The Future of Wearable Sensors?
Engineers at the University of Maryland (UMD) have for the first time demonstrated that wood can be directly converted into a carbon sponge capable of enduring repeated compression and other extreme mechanical conditions. The new sponge can be used in various applications such as energy storage (e.g., batteries), pollutant treatment, and electronic devices and sensors.
Making Leaps in Quantum Science
UMD engineers have created a photonic chip that takes on the challenge of reliably guiding individual blips of light called photons.

And, UMD researchers have made new measurements of a practically imperceptible effect, known as the Casimir force.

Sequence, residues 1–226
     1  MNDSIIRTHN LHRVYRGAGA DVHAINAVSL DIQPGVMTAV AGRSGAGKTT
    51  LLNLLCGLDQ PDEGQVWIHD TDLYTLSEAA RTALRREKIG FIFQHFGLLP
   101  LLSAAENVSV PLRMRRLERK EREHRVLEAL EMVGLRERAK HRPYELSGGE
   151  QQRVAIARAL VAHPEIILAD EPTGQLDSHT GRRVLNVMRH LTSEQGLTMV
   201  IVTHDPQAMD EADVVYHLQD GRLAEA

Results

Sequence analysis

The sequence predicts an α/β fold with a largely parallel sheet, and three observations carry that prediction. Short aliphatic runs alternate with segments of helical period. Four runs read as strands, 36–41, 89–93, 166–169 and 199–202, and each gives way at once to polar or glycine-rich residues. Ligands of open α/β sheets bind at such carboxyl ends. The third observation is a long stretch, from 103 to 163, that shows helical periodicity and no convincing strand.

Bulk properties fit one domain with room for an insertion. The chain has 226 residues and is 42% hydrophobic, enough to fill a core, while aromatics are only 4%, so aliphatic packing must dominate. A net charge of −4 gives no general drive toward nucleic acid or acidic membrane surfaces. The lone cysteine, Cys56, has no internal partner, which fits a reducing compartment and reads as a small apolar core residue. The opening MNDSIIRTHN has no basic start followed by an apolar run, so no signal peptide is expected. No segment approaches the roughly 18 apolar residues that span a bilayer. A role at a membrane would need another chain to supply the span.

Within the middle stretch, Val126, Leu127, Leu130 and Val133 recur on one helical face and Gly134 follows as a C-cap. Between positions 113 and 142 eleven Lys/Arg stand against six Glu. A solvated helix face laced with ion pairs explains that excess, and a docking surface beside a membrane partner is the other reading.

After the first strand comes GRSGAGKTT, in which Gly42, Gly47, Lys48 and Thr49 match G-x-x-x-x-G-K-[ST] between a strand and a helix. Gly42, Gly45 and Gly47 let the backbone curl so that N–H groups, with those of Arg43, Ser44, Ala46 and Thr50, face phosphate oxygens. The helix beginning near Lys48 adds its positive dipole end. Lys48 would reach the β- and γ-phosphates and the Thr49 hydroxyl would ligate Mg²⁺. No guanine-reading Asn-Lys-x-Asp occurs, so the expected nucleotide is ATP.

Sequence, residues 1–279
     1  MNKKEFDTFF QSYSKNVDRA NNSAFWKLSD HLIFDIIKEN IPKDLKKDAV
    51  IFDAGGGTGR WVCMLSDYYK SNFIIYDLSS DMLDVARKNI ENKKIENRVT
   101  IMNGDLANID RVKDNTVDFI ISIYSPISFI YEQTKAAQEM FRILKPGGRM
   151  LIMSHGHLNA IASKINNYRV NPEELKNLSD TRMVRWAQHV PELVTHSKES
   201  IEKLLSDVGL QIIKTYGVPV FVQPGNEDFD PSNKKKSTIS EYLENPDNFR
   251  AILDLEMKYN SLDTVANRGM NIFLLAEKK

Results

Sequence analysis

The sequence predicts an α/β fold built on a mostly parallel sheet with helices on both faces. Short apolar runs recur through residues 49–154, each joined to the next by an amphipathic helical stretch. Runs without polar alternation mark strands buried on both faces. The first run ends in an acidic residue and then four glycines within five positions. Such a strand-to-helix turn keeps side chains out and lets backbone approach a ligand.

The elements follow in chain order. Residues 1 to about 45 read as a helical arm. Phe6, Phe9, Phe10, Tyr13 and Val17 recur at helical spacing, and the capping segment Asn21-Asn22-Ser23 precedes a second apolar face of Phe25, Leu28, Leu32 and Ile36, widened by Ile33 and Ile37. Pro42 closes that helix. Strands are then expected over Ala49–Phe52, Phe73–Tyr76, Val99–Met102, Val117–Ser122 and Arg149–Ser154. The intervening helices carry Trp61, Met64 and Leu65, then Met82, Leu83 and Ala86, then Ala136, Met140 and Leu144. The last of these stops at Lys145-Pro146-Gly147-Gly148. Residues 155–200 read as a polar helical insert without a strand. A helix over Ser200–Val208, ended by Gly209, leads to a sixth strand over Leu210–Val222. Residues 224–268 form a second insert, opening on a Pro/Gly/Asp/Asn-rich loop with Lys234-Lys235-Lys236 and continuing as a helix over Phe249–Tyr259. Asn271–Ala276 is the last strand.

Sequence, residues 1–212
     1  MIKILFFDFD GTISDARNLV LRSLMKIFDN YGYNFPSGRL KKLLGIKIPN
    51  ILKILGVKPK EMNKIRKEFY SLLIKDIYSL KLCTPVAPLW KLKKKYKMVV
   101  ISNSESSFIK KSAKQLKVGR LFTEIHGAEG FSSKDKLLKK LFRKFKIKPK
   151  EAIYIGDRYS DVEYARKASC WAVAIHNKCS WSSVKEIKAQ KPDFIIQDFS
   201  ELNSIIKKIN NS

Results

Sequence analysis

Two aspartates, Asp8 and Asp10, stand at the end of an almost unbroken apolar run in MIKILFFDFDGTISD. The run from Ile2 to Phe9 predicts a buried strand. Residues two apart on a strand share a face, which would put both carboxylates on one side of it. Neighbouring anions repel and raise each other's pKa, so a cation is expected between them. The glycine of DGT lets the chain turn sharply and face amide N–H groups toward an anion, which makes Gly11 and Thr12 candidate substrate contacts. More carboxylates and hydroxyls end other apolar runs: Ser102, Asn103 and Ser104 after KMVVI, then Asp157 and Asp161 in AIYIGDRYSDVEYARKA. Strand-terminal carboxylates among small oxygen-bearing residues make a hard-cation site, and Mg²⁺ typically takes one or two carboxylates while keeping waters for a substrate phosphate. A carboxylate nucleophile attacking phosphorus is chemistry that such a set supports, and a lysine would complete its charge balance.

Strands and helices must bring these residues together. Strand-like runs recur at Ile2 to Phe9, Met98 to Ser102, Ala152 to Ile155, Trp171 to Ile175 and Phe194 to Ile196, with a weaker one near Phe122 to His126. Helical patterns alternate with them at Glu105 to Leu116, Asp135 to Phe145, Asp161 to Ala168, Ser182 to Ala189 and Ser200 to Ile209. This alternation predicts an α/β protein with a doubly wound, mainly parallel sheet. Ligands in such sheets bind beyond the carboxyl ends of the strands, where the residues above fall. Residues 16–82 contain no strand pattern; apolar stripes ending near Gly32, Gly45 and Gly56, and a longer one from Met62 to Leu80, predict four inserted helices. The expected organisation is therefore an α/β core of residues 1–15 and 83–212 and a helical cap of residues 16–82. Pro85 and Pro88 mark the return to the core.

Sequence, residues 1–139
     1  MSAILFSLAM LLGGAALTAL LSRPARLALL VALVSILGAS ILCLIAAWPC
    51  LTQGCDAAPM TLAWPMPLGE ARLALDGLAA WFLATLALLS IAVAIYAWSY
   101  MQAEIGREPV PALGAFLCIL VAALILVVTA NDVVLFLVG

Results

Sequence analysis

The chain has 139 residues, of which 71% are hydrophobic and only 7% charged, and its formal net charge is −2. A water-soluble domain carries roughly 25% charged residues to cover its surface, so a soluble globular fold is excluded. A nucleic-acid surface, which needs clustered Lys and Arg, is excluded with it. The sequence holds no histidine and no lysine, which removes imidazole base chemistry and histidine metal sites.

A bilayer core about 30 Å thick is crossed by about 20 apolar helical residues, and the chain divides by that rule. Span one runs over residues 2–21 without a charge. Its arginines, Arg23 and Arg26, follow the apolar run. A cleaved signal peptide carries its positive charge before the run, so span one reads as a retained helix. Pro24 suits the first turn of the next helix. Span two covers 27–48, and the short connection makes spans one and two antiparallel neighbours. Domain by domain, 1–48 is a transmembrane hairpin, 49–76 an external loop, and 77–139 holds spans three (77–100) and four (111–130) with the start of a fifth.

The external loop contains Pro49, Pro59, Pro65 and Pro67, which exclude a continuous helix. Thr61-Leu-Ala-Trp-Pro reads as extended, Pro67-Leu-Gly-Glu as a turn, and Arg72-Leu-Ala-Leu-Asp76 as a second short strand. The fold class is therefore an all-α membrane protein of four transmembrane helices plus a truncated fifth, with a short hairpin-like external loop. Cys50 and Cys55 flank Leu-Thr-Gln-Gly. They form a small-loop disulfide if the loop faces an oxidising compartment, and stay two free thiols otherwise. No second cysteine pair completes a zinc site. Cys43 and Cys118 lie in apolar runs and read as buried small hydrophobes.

Mitigating Pollutants in Stormwater
UMD engineers were recently awarded a $1.4 million grant by the Department of Defense (DoD) and partners to design a modular stormwater treatment system for DoD sites. Conducted over three years, the research will target for removal three environmental contaminants: polychlorinated biphenyls (PCBs), polycyclic aromatic hydrocarbons (PAHs), and copper.
Leaders in Innovation
Each year, the University of Maryland honors exceptional inventions that have the potential to influence science, society, and the free market. Among the nine 2017 Invention of the Year award nominees named across three categories (Physical Sciences, Life Sciences, and Information Sciences), six are led by or include researchers from the A. James Clark School of Engineering.